Out of Stealth Mode, New Company Shows Power Truck EVs
It’s not as though no one’s talked about electrifying the all-American pickup truck. Various mild, full hybrid, plug-in hybrid and full-electric versions have been introduced during the past decade by a potporrie of OEMs and start-ups. But Tuesday, Nov. 27, 2018, marked a new and seemingly more significant new model. The star of the technology day at this year’s Los Angeles Auto Show, dubbed AutoMobility LA, were the sibling R1T and R1S. The alphanumeric designations indicate the first full electric full-size truck and its companion SUV.
The trucks, unveiled in near-production form, build conventional looking bodies on a skateboard battery and power it with 147-horsepower electric motors at each wheel. Although the profiles may look similar to current models, the front definitely defines it as an electric car trying to make an impression.
I’ve spent a good portion of my career around trucks and SUVs and my first impression is that these guys get it! The proportions, performance and functionality should appeal to the traditional truck buyer while the addition of electric drive opens up a whole new market. Assuming they can execute it (always a question with a start-up, even if it’s nine years old, has 500 employees and has received $450 million in private funding).
The key engineering for the Rivian vehicles comes out of its Michigan office, and the specs show they’ve staffed up with engineers who not only know, but love trucks. That’s how you come out with the massive power numbers, sophisticated suspension built around long half shafts that enhance the flexibility and ground clearance of the trucks, and stats like a 34-degree approach angle, 30-degree departure angle and a 26-degree breakover angle (for the pickup; the SUV is 30-degrees).
If those numbers don’t mean anything to you, you haven’t spent much time driving a truck off-road. They are the critical performance numbers for a core segment of buyers in this market. The 0-to-100 mph in seven seconds will take care of another group of enthusiasts, while the 11,000-pound towing capability will appeal to another. Finally, there’s the posh, but functional interior that will attract another group of potential buyers.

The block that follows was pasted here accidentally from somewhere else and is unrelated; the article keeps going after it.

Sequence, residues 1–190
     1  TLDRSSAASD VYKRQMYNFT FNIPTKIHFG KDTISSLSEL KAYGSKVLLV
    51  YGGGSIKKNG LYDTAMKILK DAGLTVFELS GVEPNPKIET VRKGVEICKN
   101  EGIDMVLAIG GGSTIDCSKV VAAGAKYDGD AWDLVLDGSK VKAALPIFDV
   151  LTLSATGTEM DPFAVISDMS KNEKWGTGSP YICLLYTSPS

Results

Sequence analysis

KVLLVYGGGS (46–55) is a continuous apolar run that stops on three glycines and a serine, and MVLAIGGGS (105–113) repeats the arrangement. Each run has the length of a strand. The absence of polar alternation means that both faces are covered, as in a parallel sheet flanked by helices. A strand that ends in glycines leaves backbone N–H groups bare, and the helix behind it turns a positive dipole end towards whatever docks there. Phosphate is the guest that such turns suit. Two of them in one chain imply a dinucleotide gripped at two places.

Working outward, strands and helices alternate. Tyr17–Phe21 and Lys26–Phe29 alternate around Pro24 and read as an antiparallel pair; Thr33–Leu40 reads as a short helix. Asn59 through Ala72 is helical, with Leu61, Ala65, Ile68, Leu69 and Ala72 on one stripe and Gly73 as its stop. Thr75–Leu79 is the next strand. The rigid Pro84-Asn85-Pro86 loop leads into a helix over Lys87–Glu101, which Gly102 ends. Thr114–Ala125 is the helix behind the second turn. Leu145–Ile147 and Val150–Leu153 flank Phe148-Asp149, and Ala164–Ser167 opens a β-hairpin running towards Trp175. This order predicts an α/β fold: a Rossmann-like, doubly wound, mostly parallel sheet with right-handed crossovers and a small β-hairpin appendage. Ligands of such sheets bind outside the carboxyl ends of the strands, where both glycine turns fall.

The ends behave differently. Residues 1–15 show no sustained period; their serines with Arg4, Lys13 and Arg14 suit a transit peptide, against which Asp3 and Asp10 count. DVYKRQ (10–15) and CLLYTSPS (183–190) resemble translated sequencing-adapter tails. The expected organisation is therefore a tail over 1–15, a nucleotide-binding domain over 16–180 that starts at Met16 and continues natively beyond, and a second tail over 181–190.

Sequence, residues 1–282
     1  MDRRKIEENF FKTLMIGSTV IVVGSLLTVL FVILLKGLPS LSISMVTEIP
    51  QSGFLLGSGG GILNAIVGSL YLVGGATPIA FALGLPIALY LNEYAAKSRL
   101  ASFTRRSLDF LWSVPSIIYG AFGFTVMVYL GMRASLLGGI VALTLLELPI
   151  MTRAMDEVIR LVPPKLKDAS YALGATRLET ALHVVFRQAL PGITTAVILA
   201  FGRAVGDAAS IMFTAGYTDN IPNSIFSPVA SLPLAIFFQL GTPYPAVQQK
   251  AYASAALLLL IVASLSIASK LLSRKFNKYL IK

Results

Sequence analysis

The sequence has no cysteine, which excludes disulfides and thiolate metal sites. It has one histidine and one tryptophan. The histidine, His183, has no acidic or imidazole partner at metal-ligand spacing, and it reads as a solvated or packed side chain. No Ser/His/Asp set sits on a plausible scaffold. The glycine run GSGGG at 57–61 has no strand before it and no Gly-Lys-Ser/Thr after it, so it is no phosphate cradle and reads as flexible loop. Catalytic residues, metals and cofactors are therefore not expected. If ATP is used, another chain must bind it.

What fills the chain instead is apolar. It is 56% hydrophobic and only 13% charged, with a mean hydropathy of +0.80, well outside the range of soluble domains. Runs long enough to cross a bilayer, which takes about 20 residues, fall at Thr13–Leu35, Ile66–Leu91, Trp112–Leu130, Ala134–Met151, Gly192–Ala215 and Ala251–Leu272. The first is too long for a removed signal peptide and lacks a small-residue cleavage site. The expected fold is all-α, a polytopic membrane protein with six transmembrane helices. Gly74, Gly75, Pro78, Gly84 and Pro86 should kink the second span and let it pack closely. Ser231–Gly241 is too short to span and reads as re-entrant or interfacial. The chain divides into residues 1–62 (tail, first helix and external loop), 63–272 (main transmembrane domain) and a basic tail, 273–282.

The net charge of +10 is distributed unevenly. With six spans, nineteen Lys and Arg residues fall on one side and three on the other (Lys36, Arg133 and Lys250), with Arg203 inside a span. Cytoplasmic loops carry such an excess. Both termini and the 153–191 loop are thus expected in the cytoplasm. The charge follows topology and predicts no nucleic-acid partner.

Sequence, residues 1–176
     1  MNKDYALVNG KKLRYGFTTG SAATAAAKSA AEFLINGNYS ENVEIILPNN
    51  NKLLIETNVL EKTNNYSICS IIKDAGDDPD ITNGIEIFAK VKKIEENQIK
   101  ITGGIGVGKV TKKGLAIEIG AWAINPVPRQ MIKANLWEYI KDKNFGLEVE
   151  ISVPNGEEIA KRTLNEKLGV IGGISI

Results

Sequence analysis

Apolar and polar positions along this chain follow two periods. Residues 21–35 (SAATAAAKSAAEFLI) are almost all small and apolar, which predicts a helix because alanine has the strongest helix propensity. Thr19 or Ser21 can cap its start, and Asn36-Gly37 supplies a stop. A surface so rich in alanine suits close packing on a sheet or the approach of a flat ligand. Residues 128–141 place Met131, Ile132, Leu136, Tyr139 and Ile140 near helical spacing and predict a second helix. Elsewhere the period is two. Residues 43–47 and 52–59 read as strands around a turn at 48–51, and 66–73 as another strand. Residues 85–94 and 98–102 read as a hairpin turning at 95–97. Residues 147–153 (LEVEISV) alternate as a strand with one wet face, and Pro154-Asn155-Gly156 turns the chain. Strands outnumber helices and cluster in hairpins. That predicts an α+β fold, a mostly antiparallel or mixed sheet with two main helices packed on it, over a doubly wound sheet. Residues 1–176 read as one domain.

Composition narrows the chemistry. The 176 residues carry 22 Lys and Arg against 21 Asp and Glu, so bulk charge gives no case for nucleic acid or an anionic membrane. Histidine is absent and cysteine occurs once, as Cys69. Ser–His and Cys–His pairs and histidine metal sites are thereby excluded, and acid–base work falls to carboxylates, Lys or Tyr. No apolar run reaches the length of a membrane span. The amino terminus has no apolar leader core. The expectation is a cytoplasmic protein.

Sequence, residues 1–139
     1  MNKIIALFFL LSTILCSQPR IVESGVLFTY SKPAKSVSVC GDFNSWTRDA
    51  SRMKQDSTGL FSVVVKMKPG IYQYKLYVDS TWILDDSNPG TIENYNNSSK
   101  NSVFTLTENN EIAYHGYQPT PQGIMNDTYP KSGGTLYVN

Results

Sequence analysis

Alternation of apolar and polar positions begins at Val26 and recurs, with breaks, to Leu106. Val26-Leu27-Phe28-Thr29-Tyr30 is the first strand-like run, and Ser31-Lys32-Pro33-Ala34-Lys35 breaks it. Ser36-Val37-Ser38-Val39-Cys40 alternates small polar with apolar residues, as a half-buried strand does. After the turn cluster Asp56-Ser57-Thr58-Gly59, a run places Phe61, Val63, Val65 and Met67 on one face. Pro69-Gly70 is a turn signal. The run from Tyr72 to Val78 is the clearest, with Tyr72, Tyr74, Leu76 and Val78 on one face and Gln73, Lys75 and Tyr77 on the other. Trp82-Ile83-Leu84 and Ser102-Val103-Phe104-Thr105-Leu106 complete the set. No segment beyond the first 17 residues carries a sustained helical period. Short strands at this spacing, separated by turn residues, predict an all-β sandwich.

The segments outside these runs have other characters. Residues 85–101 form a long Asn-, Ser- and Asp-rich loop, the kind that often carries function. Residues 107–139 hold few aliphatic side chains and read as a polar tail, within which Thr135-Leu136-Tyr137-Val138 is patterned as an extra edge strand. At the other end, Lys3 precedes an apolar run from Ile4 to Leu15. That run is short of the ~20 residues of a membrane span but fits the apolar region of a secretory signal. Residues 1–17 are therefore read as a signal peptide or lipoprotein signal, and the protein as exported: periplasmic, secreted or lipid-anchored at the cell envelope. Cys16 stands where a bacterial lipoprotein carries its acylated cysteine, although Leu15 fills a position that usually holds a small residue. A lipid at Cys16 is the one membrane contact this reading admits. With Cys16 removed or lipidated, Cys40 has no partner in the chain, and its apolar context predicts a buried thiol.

So, When Is This Real?
Rivian announced that its pickup is in final testing and validation and will begin production in the recently purchased Normal, Illinois, plant in 2020 for delivery in the latter half of that year. Pricing has been announced as starting at $69,000 for the pickup (before incentives), although that is clearly for the base model (105 kWh batteries, 230-mile range), which the company says will not be produced initially.
Taking a page from Tesla’s playbook, Rivian is going to start producing the high-end models with the 180 kWh/400-mile range batteries, allowing it to bring in top dollar from early adopters will cash to burn. The company, which is selling vehicles direct a la Tesla, is accepting $1,000 refundable deposits.
The Rivian R1T and R1S were designed from a clean sheet of paper, as founder and CEO R.J. Scaringe, a mechanical engineer and MIT grad, told the crowd at the LA unveiling. He emphasized that the clean sheet did not mean repudiating the past, just disrupting the powertrain and related components, then playing out the changes that enabled in the overall vehicle design. It looks like a winner; we can’t wait to drive one.